Chen et al. identify a protein that links actin filaments to the plasma membrane in developing neurons, enabling the cells to send out new branches.
As the brain develops, neurons sprout extensions called filopodia that mature into dendrites, dendritic spines, and axons that allow the cells to communicate with other neurons. Elongation of a filopodium requires changes to the plasma membrane and to the actin cytoskeleton. For example, actin filaments polymerize and bunch up, forming bundles. Researchers aren't sure how the cell coordinates the membrane and actin renovations.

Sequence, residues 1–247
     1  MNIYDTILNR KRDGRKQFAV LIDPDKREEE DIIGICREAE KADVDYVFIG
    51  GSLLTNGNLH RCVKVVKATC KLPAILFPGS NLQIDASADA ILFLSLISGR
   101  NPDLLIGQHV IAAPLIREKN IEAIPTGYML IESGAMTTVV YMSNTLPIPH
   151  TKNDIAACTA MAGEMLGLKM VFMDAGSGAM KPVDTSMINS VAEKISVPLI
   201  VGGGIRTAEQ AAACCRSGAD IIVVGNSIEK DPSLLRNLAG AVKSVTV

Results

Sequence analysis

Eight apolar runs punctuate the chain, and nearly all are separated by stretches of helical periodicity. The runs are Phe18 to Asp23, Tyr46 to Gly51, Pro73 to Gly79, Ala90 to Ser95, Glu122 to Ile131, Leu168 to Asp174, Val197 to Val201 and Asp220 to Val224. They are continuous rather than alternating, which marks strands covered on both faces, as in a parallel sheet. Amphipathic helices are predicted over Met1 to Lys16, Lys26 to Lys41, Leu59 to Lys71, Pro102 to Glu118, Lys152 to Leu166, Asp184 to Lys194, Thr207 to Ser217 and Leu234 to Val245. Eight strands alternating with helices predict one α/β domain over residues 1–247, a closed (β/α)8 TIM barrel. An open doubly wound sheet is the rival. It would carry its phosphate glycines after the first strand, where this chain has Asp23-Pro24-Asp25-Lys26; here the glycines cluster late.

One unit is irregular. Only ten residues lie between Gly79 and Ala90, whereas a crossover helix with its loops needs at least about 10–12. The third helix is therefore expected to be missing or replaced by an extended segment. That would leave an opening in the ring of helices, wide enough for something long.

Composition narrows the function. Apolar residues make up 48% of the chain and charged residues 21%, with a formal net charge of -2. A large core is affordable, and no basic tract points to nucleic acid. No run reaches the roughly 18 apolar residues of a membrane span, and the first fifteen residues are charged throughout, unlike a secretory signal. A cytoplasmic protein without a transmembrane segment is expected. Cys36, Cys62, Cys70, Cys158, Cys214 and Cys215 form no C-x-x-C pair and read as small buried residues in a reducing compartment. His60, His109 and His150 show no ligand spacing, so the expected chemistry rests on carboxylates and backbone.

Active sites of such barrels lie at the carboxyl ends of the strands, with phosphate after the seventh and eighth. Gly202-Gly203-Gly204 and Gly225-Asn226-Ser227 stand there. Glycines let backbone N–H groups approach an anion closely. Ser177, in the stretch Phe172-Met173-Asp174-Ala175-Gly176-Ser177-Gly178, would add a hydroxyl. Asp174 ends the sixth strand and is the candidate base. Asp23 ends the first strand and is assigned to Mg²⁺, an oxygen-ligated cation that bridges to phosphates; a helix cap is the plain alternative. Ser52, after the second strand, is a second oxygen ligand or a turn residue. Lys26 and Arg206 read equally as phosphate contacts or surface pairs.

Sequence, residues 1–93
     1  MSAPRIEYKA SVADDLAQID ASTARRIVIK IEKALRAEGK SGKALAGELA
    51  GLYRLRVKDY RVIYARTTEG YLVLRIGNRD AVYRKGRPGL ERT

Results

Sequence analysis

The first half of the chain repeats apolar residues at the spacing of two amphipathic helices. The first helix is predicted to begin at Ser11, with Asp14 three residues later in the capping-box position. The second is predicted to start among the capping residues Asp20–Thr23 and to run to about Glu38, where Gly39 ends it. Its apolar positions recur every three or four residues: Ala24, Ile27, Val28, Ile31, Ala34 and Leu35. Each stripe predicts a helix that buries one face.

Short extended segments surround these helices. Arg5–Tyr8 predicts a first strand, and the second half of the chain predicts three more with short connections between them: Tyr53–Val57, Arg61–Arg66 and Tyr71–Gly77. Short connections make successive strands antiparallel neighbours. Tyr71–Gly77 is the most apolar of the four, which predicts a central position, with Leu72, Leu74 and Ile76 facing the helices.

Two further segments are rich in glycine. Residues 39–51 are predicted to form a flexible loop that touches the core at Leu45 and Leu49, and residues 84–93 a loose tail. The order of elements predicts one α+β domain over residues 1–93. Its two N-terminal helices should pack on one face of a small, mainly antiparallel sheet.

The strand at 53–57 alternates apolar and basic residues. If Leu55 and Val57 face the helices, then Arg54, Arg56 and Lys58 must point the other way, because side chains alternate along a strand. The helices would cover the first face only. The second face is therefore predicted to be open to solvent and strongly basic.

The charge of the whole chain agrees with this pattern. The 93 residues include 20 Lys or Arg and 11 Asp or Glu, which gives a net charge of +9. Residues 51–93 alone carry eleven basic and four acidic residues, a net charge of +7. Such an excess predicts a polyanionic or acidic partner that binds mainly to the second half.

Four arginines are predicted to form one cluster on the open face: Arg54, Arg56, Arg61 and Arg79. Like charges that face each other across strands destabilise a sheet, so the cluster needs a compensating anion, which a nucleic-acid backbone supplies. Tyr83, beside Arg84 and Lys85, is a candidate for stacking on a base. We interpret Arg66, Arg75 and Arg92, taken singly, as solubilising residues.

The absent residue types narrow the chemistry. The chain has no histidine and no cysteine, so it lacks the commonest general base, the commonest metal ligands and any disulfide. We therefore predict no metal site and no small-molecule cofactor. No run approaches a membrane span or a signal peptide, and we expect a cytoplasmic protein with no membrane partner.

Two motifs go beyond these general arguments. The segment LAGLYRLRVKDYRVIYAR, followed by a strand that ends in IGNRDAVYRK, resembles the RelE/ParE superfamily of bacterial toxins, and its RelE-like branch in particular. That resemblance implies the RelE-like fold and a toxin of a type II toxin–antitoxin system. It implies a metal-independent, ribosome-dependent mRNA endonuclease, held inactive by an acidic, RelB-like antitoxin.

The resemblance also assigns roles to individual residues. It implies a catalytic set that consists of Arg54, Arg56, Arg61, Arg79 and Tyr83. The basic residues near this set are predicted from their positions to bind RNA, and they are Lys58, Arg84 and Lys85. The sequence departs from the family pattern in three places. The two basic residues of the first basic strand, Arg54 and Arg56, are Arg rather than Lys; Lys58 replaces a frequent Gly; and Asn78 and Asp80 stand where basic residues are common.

The surprising answer, Chen et al. suggest, is that a kinase does the job. The researchers discovered that the kinase GRK5 promotes filopodia formation, dendrite branching, and spine maturation. The C terminus of the protein latches onto actin filaments and spurs them to form bundles. The N terminus of GRK5 connects to the membrane phospholipid PI(4,5)P2. Preventing this interaction cuts the number of filopodia a cell can produce, Chen et al. showed. The researchers also determined that GRK5 is crucial for neural growth in vivo. Mice lacking the protein perform poorly on memory and learning tests, suggesting that their neurons aren't linking up properly.
Chen et al. hypothesize that GRK5 transmits changes in actin structure to an area of the membrane rich in PI(4,5)P2, which bulges in response, initiating a filopodium. However, GRK5 can perform its task even if it lacks its kinase activity, suggesting it is serving as a bridge between actin and the plasma membrane rather than triggering its effects enzymatically.